The NPR Two-Way blog will provide live coverage of the House Intelligence Committee’s public hearing on the investigations into alleged Russian interference in the 2016 U.S. Presidential election. 

U.S. Congress / NPR

The Republican health care bill under consideration in the House of Representatives would change health coverage for a lot of people. It would no longer require that Americans buy health insurance, for instance, and it would eliminate current subsidies, replacing them with a fixed refundable tax credit.

To help Americans understand where Congress stands on the debate over this legislation, NPR and member stations around the country have compiled a database of Congressional members’ positions on the bill.

NPR

In conjunction with NPR's A Nation Engaged, we're asking people from across the region what they want the new president to know about themselves and their communities. Then, we preview an upcoming Conversation at the Square about the relationship between education and neighborhoods.

Meg Kelly / NPR

Republican Donald Trump and Democrat Hillary Clinton face off in the final presidential debate Wednesday night at the University of Nevada, Las Vegas. NPR's politics team, with help from reporters and editors who cover national security, immigration, business, foreign policy and more, is live annotating the debate. Portions of the debate with added analysis are highlighted, followed by context and fact check from NPR reporters and editors. 

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In conjunction with NPR's A Nation Engaged project, Native people answer the question, "What it means to you be an American now." Then, we find out why George Washington may not have agreed with the United State's role as policeman to the world. Finally, President of the Kansas Senate, Susan Wagle, gives us the inside story about what's going on with that state's tax revenues.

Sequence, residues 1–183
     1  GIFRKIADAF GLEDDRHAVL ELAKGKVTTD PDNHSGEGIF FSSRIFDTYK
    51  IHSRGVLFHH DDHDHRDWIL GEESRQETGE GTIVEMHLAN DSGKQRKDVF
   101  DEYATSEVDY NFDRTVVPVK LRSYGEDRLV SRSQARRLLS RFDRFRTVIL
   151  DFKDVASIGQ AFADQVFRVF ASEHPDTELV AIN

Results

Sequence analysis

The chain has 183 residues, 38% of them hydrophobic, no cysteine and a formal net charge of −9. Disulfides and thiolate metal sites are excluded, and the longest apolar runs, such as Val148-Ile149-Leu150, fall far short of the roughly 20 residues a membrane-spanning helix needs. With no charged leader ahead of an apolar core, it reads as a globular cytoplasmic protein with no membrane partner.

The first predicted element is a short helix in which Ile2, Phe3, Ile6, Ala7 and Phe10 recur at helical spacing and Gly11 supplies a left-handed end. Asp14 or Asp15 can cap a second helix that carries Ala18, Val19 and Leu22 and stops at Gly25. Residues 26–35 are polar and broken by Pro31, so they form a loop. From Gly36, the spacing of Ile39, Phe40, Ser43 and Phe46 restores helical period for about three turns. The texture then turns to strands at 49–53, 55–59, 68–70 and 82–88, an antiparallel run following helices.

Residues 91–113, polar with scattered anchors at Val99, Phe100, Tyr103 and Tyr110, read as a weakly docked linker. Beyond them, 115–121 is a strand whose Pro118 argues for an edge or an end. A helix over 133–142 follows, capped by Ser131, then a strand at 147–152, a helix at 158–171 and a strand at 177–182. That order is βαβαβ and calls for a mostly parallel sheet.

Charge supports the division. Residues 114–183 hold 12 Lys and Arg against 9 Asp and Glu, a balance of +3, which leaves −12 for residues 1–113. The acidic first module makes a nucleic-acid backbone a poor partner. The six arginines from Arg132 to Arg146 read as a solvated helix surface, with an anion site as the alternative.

An interview with the political correspondent at NPR. How did her conservative Christian background and growing up in KC help her connect with people on the campaign trail?

Plus, Question Quest looks into a mysterious octagon in Belton.

Guest:

Five Things We Learned About David Greene When He Came To Kansas City

Jul 18, 2016
KCUR 89.3

David Greene, co-host of NPR's Morning Edition, was in town last month to help KCUR with our first annual benefit event, RadioActive.

As presidential candidates vie for votes nationwide, we ask what one vote is really worth. And if you're voting Democrat in strongly Republican Kansas, does your ballot really matter?

Guests:

  • Burdett Loomis is a political scientist at the University of Kansas.
  • Cheyenne Davis is the field and political director for the Kansas Democratic Party
  • KCUR's Elle Moxley and Lisa Rodriguez have been reporting on elections in Kansas.

David Greene has reported on everything from the White House to the Arab Spring to post-Soviet Russia. It all started with his high school newspaper and a lot of help along the way. Even his wife made sacrifices for his career, but Greene says it’s paid off. Now he's co-host of NPR’s Morning Edition.

David Greene is in town for KCUR’s benefit event 'RadioActive' on June 10. Tickets are no longer available.